Missing Submarine: US Coast Guard Confirms No Survivors

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The United States Coast Guard confirmed that the missing submersible Titan imploded near the wreckage of the Titanic and killed five onboard.

On the 22nd of June, Thursday evening, John Mauger, Read Admin of the First Coast Guard said, “Titan, which has been missing for several days. Debris found during the search for the vessel is consistent with a catastrophic implosion of the vessel.”  He further said, “The outpouring of support in this highly complex search operation has been great appreciated.  Our most heartfelt condolences go out to the friends and loved ones of the crew.” 

OceanGate Expeditions said in a statement that all five people on board, including company CEO Stockton Rush, are believed to be dead.  Rush, Shahzada Dawood and his son Suleman Dawood, Hamish Harding, and Paul-Henri Nargeolet “have sadly been lost,” read the OceanGate statement.

Notably, submarine Titan which went to the wreck site of Titanic underwater, went missing and lost all contact on the 18th of June.  The rescue operation started immediately to search for the lost submersible, but in vain.  Furthermore, the limited oxygen in the Titan Submarine was also said to be of 96 hours, which is said to have ended on the 22nd of June.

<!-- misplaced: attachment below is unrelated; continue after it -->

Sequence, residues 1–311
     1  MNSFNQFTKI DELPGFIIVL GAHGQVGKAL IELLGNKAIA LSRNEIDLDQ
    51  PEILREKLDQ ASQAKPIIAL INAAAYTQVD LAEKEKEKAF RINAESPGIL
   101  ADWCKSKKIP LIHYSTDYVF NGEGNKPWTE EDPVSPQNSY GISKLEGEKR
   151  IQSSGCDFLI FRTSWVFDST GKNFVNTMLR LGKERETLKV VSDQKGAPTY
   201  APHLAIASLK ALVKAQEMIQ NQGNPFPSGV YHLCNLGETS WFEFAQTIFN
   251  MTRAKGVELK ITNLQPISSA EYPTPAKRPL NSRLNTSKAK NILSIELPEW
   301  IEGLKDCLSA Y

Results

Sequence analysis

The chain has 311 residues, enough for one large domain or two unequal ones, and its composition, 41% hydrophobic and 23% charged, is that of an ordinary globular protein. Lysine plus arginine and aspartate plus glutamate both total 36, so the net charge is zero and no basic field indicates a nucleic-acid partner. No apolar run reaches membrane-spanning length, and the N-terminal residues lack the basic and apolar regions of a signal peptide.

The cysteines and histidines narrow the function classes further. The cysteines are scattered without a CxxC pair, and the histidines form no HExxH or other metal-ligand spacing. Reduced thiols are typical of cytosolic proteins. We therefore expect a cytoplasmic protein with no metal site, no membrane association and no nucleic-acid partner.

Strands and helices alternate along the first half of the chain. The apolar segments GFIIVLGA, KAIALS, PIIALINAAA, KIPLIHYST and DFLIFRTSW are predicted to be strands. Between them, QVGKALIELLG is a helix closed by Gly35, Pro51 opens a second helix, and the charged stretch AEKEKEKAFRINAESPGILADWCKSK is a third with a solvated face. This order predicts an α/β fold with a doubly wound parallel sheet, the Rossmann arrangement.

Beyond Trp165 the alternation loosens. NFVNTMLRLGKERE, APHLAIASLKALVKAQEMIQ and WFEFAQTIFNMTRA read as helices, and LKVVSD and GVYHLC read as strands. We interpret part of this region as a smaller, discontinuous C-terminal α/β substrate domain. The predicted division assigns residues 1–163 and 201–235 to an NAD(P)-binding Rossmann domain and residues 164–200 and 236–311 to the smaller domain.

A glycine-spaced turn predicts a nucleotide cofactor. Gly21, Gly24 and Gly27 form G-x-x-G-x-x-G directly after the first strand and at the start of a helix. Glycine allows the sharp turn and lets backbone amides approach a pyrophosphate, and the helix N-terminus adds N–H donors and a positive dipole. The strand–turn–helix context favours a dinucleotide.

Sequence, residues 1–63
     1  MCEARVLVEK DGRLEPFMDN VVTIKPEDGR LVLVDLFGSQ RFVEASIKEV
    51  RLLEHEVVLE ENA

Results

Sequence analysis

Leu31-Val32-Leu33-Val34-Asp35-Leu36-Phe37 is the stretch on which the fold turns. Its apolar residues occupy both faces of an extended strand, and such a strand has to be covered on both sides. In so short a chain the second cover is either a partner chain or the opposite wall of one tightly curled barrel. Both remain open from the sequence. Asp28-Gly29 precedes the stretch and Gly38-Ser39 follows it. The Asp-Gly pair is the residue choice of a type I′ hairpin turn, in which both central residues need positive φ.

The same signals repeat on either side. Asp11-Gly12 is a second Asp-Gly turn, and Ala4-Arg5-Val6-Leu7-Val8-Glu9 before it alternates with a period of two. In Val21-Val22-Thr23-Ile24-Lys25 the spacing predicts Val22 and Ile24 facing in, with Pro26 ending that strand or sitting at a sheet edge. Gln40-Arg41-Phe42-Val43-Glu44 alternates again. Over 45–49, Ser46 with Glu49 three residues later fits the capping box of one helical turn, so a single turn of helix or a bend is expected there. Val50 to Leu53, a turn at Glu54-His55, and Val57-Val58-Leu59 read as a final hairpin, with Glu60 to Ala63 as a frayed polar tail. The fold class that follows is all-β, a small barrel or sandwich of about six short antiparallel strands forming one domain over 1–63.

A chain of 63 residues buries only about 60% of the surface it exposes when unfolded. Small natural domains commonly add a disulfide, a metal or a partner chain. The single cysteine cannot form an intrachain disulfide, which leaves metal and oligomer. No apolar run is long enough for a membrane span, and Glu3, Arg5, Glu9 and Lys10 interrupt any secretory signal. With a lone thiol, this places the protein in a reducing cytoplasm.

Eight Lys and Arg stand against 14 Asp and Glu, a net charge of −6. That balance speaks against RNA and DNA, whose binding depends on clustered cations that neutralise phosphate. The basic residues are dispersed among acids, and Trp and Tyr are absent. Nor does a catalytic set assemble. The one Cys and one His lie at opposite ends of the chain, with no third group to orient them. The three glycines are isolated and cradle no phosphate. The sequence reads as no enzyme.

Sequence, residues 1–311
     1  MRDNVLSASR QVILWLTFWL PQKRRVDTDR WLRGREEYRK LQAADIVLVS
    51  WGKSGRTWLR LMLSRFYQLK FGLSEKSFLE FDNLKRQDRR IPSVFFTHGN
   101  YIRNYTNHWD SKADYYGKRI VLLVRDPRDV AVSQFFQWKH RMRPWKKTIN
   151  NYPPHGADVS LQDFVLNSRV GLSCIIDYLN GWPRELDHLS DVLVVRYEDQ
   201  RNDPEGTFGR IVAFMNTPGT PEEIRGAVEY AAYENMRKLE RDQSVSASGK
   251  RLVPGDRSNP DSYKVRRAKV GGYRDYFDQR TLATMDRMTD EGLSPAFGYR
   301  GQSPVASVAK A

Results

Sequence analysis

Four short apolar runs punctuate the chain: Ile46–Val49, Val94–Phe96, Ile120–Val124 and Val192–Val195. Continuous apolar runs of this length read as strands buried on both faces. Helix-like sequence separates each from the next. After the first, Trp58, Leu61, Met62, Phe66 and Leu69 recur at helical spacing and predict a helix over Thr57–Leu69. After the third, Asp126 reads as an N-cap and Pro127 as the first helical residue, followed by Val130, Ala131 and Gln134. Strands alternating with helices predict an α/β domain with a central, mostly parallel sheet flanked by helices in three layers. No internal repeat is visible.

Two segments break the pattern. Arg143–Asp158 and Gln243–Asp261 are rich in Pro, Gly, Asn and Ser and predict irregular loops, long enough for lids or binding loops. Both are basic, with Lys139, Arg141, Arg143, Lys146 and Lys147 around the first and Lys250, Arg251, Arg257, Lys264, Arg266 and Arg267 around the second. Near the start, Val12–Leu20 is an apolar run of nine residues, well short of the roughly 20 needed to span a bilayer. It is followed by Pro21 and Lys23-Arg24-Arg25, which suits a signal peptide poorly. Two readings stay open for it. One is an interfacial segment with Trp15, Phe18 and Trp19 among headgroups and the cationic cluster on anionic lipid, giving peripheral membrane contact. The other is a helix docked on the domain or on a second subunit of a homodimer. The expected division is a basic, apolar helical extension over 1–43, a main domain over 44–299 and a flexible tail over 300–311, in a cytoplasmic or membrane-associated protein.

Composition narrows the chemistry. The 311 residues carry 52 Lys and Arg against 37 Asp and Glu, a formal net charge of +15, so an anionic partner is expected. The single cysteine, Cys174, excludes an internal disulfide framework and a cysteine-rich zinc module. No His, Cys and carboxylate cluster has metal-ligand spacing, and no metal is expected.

OceanGate did not provide details when the company announced the “loss of life” in a statement or how officials knew the crew members perished.  However, with the debris found and the limited oxygen supply, the OceanGate said that the Titan was estimated to have about a four-day supply of breathable air when it launched Sunday morning in the North Atlantic – but experts have emphasized that was an imprecise approximation to begin with and could be extended if passengers have taken measures to conserve breathable air. 

Authorities have been hoping underwater sounds might help narrow their search, whose coverage area has been expanded to thousands of miles – twice the size of Connecticut and in waters 2 1/2 miles (4 kilometers) deep.  Coast Guard officials said underwater noises were detected in the search area Tuesday and Wednesday.

Mr. Jamie Pringle, an expert in Forensic Geosciences at Keele University, in England, said even if the noises came from the submersible, “The lack of oxygen is key now; even if they find it, they still need to get to the surface and unbolt it.”

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